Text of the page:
Best Film Nominated
Berlin International Film Festival 1990 Fat Man and Little Boy Golden Bear Nominated
Golden Raspberry Awards 1996 The Scarlet Letter Worst Picture Nominated
Worst Prequel, Remake, Rip-off or Sequel Won
Worst Director Nominated
2008 Captivity Nominated

References edit

  1. ^ "Roland Joffé and David Puttnam interview for The Killing Fields (1984)"
  2. ^ The Independent, 5 October 2007: Roland Joffé: Why the director is a victim of his own success Retrieved 2013-03-06
  3. ^ a b c d e f g h i j IMDb: Roland Joffé Filmography Retrieved 2013-03-06
  4. ^ Mark Hollingsworth and Richard Norton-Taylior Blacklist: The Inside Story of Political Vetting, London: Hogarth Press, 1988, p.97-99. The relevant extract from this book is here.
  5. ^ At that time, the WRP was known as the Socialist Labour League, but Hollingsworth and Norton-Taylor use the later form.
  6. ^ a b Blacklist, p.98
  7. ^ Bird, Thomas. "Roland Joffé " Archived 14 September 2012 at the Wayback Machine, BOMB Magazine Winter, 1987. Retrieved 2012-11-26.
  8. ^ Roland Joffé's new film Mission: to uncover secrets of the Opus Dei The Guardian. 8 June 2009
  9. ^ Bringing a Saint’s Life to the Screen The New York Times. 22 August 2009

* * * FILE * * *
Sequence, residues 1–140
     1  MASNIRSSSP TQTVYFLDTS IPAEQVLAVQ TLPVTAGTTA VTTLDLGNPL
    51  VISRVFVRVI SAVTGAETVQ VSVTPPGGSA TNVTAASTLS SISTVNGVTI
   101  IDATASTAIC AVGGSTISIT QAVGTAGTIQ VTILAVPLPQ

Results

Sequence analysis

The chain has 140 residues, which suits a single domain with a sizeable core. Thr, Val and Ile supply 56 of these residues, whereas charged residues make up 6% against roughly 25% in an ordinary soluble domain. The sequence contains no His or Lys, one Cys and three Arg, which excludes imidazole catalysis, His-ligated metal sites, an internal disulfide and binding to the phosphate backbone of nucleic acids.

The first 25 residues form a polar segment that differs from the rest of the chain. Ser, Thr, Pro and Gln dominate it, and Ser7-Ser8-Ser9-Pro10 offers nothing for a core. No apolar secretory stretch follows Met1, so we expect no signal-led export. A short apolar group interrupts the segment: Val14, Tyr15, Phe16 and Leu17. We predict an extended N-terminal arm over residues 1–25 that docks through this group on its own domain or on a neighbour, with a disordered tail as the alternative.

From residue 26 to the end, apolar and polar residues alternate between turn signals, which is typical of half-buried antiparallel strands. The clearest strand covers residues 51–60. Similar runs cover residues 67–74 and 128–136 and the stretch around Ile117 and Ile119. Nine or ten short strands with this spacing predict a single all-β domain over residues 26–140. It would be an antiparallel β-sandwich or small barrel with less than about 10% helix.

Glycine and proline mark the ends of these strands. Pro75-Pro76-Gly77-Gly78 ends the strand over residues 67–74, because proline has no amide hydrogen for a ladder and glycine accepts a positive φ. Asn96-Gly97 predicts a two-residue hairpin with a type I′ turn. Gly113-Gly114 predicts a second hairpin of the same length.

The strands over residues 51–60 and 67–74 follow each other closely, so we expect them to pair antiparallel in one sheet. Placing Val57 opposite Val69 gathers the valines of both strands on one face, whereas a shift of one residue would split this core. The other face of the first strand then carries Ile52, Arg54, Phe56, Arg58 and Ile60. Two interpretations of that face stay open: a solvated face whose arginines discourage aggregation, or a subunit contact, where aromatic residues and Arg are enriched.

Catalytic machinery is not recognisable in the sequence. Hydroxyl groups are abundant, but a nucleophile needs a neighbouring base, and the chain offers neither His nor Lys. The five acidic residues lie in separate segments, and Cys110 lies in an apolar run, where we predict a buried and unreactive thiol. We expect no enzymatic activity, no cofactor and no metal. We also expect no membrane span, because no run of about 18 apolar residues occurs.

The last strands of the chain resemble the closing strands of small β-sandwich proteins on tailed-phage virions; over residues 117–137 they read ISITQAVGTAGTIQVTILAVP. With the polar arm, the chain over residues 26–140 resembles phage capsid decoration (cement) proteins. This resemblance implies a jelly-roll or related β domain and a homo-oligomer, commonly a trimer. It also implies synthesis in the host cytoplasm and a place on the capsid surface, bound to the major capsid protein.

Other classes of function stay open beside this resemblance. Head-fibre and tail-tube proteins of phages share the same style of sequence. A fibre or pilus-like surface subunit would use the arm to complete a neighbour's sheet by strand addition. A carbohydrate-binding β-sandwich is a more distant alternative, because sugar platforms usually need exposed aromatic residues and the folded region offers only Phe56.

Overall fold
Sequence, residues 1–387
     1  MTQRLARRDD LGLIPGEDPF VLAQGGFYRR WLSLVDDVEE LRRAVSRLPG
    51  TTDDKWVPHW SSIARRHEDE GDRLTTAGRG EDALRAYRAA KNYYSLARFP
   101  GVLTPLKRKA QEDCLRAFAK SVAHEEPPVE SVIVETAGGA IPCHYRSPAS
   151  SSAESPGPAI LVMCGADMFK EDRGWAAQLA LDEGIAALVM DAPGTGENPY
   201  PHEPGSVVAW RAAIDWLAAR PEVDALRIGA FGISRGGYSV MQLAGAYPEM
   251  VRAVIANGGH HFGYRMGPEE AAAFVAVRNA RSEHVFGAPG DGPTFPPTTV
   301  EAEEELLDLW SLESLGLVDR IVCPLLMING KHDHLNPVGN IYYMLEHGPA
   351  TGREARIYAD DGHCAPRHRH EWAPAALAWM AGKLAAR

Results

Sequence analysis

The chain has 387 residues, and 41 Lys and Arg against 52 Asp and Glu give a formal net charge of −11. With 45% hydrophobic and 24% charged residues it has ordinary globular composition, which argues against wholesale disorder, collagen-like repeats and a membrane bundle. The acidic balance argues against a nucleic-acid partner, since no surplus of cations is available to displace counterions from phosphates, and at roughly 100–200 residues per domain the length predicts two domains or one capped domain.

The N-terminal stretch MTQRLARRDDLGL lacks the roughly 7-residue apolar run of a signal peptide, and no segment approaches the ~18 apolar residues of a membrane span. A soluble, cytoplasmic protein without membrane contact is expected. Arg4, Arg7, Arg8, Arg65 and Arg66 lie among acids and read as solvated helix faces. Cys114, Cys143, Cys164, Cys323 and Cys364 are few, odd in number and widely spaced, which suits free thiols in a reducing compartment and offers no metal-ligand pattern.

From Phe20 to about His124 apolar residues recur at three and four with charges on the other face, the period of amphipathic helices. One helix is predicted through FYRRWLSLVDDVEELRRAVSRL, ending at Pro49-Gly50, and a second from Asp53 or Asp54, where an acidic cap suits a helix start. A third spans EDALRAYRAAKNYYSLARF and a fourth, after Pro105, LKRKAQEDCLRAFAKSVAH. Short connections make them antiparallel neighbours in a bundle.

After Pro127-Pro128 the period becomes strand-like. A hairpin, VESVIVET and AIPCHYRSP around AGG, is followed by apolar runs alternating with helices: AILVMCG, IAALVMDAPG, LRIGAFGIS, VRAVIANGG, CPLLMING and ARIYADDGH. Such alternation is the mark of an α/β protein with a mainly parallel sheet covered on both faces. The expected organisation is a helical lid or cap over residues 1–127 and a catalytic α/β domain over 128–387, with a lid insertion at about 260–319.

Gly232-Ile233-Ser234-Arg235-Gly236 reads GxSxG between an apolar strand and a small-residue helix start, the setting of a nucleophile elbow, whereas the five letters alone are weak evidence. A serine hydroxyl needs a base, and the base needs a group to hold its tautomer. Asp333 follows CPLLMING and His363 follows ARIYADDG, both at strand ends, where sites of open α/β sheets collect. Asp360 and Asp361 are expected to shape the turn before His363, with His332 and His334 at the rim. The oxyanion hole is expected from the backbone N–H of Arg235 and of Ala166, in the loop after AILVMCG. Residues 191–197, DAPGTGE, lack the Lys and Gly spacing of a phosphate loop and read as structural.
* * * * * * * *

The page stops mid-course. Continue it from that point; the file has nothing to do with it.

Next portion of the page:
10. ^ Director Roland Joffé Explains "There Be Dragons",
  11. ^ Roland Joffé Interview to the National Catholic Register
  12. ^ The Independent, 5 October 2007: Roland Joffé: Why the director is a victim of his own success
  13. ^ June Rose, Daemons and Angels: A Life of Jacob Epstein , London: Constable, 2002, p.244,258
  14. ^ Mark Joffe by Jacob Epstein, 1952 Watford Museum
  15. ^ Esther Garman biography The New Art Gallery Walsall
  16. ^ Photograph of Esther Garman cutting Roland Joffe's birthday cake, c1951 Garman Ryan Collection, The New Art Gallery Walsall
  17. ^ Photograph of Jacob Epstein, Kathleen Garman, Mark Joffe and Esther Garman at Open-Air Sculpture Exhibition, 1948 Garman Ryan Collection, The New Art Gallery Walsall
  18. ^ "Epstein Final". Issuu. 21 June 2013. Retrieved 20 June 2021.
  19. ^ Roland Joffe by Theodore Garman, 1949-1951 Garman Ryan Collection, The New Art Gallery Walsall
  20. ^ Roland Joffe by Jacob Epstein Garman Ryan Collection, The New Art Gallery Walsall
  21. ^ "Roland Joffé".
  22. ^ "Strictly Come Dancing's Cherie Lunghi had sham marriage". Daily Mirror. 11 October 2008. Retrieved 19 November 2008.
  23. ^ "Roland Joffé Announced as Patron of World Cup". Volleyball World Cup. 16 June 2011. Archived from the original on 21 July 2011. Retrieved 12 July 2011.
  24. ^ Prix Italia, Winners 1949 – 2010, RAI Archived 22 October 2013 at the Wayback Machine

External links edit